Professional Documentation

A proper professional appraisal should have the following elements present:

1) Description

A description of the item that clearly describes the piece of jewelry in sufficient detail that someone reading that description can recognize the item. Simply stating “One ring with diamonds” for example is not sufficient. In fact, today, many insurance companies will not accept an appraisal without an adequate description.

2) Photograph

While not required, it makes it much easier to identify and replace the item once it no longer exists.

3) Value

The value conclusion should reflect the market. It should not be inflated, nor undervalued, as these would be detrimental to the client and could greatly affect premiums and settlements. The appraised value should be an amount that can adequately cover the jewelry should it be lost. Having a high value may make you feel good but generally will only increase your premiums while providing no additional coverage in a loss. It is not the dollar amount that protects your insured interest it is the thoroughness of the description that will be relied upon by an adjuster should a claim be made.

4) Sales taxes

are a consideration that should be discussed with both your insurance agent and your appraiser. It is important to know whether or not taxes are included in appraised value.

5) Plotting or Laser inscriptions

6) Treatment information

According to the Federal Trade Commission in the Unites States, almost all treatments – that is any process done to improve the appearance of a the gemstone other than cutting and polishing–needs to be disclosed to the consumer. If the seller has not done this, it may be in violation of the codes. Appraisals should also contain this important information. The jewelry industry tends to be lax regarding disclosure of treatments but not always to be deceitful. For example, since nearly every ruby and sapphire has been heat treated to improve color, and this practice has existed for more than 100 years, jewelers tend simply to accept treatment as fact and do not disclose this information. However, the information should be given to the consumer. On appraisals, this information is also helpful to have because it is a value factor. Treatment information can be provided on the report directly or as part of addendums that some appraisers use.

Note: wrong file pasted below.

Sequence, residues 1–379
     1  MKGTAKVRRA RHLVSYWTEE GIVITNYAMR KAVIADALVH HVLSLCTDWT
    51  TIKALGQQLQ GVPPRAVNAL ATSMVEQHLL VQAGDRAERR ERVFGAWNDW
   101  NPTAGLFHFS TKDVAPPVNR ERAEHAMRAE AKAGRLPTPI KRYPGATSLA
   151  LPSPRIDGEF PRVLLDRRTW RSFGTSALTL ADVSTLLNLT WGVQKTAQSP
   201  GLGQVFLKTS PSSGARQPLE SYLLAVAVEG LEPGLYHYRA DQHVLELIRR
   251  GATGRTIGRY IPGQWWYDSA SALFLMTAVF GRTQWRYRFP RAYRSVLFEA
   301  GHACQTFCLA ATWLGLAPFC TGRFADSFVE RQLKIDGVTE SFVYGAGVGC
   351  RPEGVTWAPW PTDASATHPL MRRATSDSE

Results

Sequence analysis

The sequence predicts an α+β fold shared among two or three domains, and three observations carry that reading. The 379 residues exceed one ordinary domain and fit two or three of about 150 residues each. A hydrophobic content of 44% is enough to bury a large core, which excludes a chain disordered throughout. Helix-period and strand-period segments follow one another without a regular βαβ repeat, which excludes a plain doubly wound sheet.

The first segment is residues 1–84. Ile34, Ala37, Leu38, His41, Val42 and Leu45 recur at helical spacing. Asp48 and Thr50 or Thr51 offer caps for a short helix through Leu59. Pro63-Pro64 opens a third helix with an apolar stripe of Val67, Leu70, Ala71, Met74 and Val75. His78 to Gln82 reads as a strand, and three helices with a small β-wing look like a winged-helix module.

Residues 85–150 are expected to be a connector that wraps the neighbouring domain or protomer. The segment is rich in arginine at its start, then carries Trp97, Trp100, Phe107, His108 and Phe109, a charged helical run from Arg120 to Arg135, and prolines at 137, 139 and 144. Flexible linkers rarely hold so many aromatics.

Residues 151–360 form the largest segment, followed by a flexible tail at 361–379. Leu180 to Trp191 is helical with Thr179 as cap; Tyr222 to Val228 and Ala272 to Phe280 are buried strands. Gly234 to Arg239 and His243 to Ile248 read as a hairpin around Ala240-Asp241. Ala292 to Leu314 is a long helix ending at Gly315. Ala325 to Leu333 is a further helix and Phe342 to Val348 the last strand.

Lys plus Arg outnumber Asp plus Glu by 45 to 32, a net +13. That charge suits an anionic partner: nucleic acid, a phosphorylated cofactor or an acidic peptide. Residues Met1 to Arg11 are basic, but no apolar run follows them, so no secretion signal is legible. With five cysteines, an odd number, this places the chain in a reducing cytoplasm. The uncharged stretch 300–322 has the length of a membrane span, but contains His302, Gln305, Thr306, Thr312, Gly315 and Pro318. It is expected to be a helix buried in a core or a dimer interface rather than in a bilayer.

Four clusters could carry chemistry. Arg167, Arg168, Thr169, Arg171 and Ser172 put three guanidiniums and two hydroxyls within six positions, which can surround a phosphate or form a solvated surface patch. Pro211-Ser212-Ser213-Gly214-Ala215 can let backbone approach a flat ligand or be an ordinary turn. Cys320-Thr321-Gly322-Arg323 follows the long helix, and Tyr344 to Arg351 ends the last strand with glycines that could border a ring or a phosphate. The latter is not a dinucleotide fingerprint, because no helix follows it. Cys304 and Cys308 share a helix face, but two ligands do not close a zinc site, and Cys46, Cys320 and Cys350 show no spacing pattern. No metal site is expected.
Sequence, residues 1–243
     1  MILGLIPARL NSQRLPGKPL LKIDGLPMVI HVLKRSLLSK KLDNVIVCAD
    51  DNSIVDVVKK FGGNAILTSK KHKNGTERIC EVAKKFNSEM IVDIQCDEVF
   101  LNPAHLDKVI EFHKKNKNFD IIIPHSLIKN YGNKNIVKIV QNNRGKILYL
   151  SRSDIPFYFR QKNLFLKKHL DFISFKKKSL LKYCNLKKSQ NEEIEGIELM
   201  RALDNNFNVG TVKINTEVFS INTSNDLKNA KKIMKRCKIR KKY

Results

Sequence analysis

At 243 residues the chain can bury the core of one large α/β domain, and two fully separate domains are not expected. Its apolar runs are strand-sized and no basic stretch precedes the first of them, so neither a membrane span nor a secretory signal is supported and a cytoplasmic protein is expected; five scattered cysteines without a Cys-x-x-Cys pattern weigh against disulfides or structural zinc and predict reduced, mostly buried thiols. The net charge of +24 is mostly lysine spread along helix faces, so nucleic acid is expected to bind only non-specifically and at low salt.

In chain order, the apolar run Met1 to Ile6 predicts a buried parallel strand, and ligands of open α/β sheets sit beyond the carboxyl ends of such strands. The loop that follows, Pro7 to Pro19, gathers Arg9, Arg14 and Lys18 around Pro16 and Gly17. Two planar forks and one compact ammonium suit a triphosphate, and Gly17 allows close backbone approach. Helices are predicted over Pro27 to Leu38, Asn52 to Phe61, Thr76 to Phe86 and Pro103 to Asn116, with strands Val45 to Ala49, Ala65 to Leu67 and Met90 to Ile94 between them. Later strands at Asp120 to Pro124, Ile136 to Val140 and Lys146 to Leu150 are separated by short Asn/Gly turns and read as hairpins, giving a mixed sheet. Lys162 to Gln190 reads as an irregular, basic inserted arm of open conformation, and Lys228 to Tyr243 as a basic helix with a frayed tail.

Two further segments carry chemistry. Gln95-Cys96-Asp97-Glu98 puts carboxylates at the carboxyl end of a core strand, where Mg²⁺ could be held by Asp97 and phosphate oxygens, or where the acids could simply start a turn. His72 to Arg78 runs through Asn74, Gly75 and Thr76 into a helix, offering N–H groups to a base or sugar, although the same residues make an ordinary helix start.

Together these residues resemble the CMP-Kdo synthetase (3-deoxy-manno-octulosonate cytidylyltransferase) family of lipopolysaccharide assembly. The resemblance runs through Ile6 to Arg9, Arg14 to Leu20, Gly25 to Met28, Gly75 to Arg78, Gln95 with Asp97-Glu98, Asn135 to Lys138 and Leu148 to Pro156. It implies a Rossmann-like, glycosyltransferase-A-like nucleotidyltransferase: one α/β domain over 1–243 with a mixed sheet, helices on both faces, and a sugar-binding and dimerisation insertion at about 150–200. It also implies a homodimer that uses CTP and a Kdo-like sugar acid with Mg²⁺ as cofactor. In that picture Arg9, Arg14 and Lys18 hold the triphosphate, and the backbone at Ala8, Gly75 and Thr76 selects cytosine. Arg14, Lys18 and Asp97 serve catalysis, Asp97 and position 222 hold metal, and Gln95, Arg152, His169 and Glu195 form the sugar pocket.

7) Other documentation

Some appraisers will add several other forms of information to the appraisal. Limiting conditions may be included which discuss issues such as the limitations of fully grading diamonds or other gemstones if they are set into the jewelry. For example, the weights of the gems are only estimates or stated weights by the seller. Other documentation may include addendums such as treatment information and the appraiser’s qualifications (curriculum vitae).